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Tips for Open Layouts

Missteps to avoid when laying out interior spaces.

Open layouts are a popular feature of log homes. These layouts are a challenge for people who have little or no experience with them. Here are some tips to make the most of your open layout.

Start With a Smart Design

Readers of a certain age — or anyone who relishes vintage television shows — will recall the sight of the star of "The Dick Van Dyke Show" tripping over his living room ottoman during the opening credits. It is priceless comedy but, from an interior design standpoint, a fatal flow flaw: an otherwise spacious room sabotaged. Unless you plan to install a camera and start streaming your own domestic hilarity, you'll likely want to avoid similar faux pas that surprise and pester many a new log-home owner. That includes people who thought they had planned out the floor plan and furnishings placement to perfection. Ah, but those log home plans are often done strictly two-dimensionally, and therein lies the first flow flaw. Remember, you will be living three-dimensionally.

Even if you are not prepared to create a 3-D plan in advance, you still need to measure the vertical heights of everything from the walls to the cabinetry to the sofa to, yes, the footstool. When you begin to live within the space and introduce it to your family and visitors, the word "flow" is going to apply to far more than just moving from space to space. Flow encompasses everything that you see, vertically as well as horizontally. Planning the basic floor plan is actually the easiest part. A wall here, one removed there, doorways, archways, windows — all are fun elements that define the living environment. But even in the most spacious and open plans, it becomes necessary to combine The Box with The Stuff That Goes Inside the Box. And that can be tricky because even in large rooms, you're likely to create groupings that define use of the space.

Now you have to walk around furniture — watch that footstool — and understand that interrupting the open layout may turn out to be a bigger flaw in your plan than a wall would have been.

Furniture and Other Interior Elements

Many planners tell you to position your largest furniture pieces on your layout first, but really, you will be better served by figuring out the room's use and the likely traffic patterns through it. That assessment may result in moving a large piece elsewhere (or discarding it altogether), but it will also save many extra steps and banged shins in the future. If guests are going to be going from conversational groupings to the powder room, make the journey pleasantly easy. If midnight snacks are your guilty pleasure, ensure that the route to the refrigerator avoids stubbed toes.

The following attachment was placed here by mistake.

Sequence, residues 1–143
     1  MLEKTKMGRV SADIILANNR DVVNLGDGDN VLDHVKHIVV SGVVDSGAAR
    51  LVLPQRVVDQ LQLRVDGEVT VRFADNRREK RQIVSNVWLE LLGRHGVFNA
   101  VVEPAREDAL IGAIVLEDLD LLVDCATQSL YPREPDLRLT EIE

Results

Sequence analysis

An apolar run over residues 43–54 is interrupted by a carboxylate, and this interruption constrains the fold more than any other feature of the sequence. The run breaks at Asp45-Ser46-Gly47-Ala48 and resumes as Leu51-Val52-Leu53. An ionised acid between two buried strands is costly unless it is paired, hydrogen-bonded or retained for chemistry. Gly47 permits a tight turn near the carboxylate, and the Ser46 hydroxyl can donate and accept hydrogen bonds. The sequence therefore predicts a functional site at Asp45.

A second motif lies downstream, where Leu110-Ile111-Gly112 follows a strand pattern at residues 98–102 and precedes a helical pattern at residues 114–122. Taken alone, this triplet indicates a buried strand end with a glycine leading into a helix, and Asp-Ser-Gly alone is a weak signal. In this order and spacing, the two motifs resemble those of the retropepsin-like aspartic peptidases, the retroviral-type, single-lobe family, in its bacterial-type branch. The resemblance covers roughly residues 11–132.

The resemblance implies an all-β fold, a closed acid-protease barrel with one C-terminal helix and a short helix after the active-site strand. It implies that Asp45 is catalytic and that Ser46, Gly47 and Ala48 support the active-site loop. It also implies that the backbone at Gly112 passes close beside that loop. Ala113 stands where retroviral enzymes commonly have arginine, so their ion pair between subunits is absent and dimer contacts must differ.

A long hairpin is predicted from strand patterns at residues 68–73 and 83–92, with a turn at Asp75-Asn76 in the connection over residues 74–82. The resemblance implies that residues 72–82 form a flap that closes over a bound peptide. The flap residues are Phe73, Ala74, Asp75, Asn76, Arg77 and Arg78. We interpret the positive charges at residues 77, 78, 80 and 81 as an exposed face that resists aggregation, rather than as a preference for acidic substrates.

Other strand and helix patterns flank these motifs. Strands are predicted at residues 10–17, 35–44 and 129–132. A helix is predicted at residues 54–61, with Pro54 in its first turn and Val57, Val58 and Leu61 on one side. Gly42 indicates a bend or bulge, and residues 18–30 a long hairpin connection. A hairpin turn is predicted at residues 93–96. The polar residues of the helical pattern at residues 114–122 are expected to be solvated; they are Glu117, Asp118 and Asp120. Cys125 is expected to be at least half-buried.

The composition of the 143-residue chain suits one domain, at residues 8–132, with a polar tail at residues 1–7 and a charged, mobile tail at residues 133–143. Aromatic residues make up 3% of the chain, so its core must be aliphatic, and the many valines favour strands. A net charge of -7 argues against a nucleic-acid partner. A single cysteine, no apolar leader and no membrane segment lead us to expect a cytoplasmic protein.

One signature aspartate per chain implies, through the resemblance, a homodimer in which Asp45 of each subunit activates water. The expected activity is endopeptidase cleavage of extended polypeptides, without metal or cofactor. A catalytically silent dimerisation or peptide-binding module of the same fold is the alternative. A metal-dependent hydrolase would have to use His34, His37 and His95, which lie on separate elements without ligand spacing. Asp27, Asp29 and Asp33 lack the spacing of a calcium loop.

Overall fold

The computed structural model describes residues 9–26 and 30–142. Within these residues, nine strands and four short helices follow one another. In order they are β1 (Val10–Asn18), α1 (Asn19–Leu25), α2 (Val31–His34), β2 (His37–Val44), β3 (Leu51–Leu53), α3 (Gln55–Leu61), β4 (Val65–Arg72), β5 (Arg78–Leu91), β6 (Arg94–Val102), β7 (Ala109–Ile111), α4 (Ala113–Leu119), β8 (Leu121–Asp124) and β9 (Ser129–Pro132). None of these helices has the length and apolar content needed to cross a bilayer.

If you get restless while using the home office, be certain that you've got a comfortable circuit that calms or stimulates you as needed. Large pieces of furniture do not have to be lined up against a wall. For example, an over-stuffed sofa in the middle of a huge room can break up the space, especially when paired with a useful sofa table. You might question placing an antique cabinet away from the wall, but if the back side isn't finished, draping an afghan or quilt over the back can add more character, as well as filling up some vertical space.

Consider the Flow

Position vertical pieces to draw the eye upward to interesting architectural elements, such as clerestory windows, hand-hewn beams, lofts and interesting wall-hangings or decorations. That is as much a part of your home's flow as anything that directs traffic on the floor. In rooms with multiple purposes, although you will want to define the space, also keep in mind that during parties or larger family gatherings, you may want to move pieces around to create a single large space again.

Plan your room's flow to accommodate that adjustment without it looking like your furnishings and accents have just been shoved out of the way. It is still possible to have items placed within the space and away from the walls if you give a little thought to rearrangement that doesn't impede movement. However you end up designing your home's layout and the furnishings that will be placed within it, always keep in mind that you want to encourage freedom of movement. Unless, of course, you're hosting a party, the entertainment hasn't been set yet — and Dick Van Dyke is on your guest list.

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